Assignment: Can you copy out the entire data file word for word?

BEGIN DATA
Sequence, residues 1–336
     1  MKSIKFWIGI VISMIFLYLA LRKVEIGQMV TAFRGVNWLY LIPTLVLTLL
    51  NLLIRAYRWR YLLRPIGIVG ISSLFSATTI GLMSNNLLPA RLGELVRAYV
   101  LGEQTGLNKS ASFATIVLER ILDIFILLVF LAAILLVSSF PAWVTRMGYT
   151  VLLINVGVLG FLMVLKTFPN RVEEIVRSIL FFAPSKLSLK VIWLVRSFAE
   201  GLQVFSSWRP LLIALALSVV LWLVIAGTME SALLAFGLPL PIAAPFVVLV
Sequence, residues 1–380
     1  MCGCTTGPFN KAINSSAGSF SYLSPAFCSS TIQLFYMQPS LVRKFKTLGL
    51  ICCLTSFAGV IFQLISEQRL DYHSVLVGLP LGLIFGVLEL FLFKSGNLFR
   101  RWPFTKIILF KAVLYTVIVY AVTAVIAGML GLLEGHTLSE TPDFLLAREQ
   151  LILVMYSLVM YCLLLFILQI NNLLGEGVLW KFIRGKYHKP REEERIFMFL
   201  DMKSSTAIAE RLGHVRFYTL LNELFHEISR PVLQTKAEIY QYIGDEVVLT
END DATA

Sequence, residues 1–336
     1  MKSIKFWIGI VISMIFLYLA LRKVEIGQMV TAFRGVNWLY LIPTLVLTLL
    51  NLLIRAYRWR YLLRPIGIVG ISSLFSATTI GLMSNNLLPA RLGELVRAYV
   101  LGEQTGLNKS ASFATIVLER ILDIFILLVF LAAILLVSSF PAWVTRMGYT
   151  VLLINVGVLG FLMVLKTFPN RVEEIVRSIL FFAPSKLSLK VIWLVRSFAE
   201  GLQVFSSWRP LLIALALSVV LWLVIAGTME SALLAFGLPL PIAAPFVVLV
Sequence, residues 1–380
     1  MCGCTTGPFN KAINSSAGSF SYLSPAFCSS TIQLFYMQPS LVRKFKTLGL
    51  ICCLTSFAGV IFQLISEQRL DYHSVLVGLP LGLIFGVLEL FLFKSGNLFR
   101  RWPFTKIILF KAVLYTVIVY AVTAVIAGML GLLEGHTLSE TPDFLLAREQ
   151  LILVMYSLVM YCLLLFILQI NNLLGEGVLW KFIRGKYHKP REEERIFMFL
   201  DMKSSTAIAE RLGHVRFYTL LNELFHEISR PVLQTKAEIY QYIGDEVVLT